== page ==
Chartbeat Raises $9.5M, Launches Engagement-Focused Redesign

Real-time analytics startup Chartbeat is making two big announcements today. The first should be pretty obvious to anyone who uses the service — it’s unveiling a big redesign. And it’s not stopping there, since the second announcement is a $9.5 million Series B round of funding.

The redesign is pretty similar to the preview that I saw about a month ago. The big goal is to start providing numbers that go beyond how many people are looking at a website or article at a given moment. So at the top of the new dashboard, in addition to the familiar meter showing the number of concurrent visitors to a site, there’s a new widget telling you how much time visitors have spent engaged on the site in aggregate — for example, I learned that by the middle of the Sunday afternoon, TechCrunch readers that day had collectively spent two years and six months engaged with our content (which is kind of scary). It also shows the average engagement time per user and per page.

The new dashboard also highlights content that’s getting unusual attention in some way — not just by pure pageview count, but say if a page is seeing a lot of traffic from search, or from social networks. Traffic to the whole site is also broken down based on type (specifically direct traffic, links, social, search, and internal) and compared to the traffic seen by similar sites. Chartbeat is also launching a new dashboard focused specifically on social network engagement, and it’s beta testing a feature to track visitor data for your iPhone app.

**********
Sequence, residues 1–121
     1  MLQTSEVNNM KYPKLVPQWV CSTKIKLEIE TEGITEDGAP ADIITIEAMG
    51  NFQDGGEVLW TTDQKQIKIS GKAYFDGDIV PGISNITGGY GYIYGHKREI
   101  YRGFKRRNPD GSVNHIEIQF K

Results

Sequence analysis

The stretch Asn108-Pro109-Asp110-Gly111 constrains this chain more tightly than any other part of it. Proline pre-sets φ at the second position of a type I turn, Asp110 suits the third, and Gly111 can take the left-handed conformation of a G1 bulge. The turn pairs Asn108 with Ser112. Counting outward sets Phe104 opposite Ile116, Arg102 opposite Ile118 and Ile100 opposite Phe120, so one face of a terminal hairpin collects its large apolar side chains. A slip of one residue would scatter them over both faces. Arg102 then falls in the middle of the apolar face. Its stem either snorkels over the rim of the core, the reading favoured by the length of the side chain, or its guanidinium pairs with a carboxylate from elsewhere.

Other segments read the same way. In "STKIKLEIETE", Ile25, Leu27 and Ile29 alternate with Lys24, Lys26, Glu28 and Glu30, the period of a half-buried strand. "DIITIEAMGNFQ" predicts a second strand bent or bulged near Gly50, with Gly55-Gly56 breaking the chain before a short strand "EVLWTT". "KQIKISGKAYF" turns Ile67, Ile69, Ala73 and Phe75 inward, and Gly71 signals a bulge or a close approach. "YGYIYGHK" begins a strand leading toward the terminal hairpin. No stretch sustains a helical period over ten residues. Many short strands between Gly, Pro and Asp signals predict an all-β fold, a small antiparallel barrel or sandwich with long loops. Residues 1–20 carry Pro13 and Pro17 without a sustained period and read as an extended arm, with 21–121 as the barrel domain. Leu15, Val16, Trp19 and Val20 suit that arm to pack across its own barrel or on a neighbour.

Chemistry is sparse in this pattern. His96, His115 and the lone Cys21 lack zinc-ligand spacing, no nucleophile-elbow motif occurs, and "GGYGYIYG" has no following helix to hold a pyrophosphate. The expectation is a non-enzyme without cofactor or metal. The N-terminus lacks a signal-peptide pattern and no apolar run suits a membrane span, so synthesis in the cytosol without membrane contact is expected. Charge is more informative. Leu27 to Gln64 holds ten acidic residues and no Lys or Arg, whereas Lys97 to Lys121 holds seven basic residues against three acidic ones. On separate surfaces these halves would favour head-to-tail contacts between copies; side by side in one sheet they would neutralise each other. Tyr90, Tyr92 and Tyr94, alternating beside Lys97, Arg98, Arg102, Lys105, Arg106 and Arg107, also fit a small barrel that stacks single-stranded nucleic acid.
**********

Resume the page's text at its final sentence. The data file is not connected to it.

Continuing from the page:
Overall, it’s a real improvement. While I don’t think news-oriented sites like TechCrunch will stop focusing on our pageview counts anytime soon, this allows us to take a fresh look at our content, and to measure our success in different ways. (Plus, Chartbeat doesn’t just serve news sites — other customers including e-commerce services like Gilt Groupe and CEO Tony Haile says that all of these new features are the result of three months of intense work, following a team decision that it was time to rethink the product.

As for the funding, Haile says he actually decided to raise a Series B about nine months ago, but took his time finding the right investor. Eventually, he settled on Draper Fisher Jurvetson, which led the round with previous investor Index Ventures. DFJ partner Josh Stein will be joining the board — Haile says he was particularly excited by Stein’s role in building other successful enterprise companies, including Box and SugarCRM.

Chartbeat has now raised a total of $12.5 million. Thanks to the new funding, Haile plans to expand the team pretty aggressively. With a larger workforce and more funding, he says the company will be able to tackle a lot of things that it has wanted to do but previously lacked the resources for — he isn’t ready to get too specific, but he says the big vision is to “blow people’s minds” with data visualization.

Oh, and in addition to all the news, this is also Chartbeat’s third anniversary. To celebrate, it created an infographic charting its growth. Now I’m not thrilled with the current flood of infographics, but as you’d expect from a company that’s built around data visualization, this one’s pretty good, sharing data points that are serious (5 million concurrent visitors to Chartbeat websites!) and less so (61,600 in-office pushups!).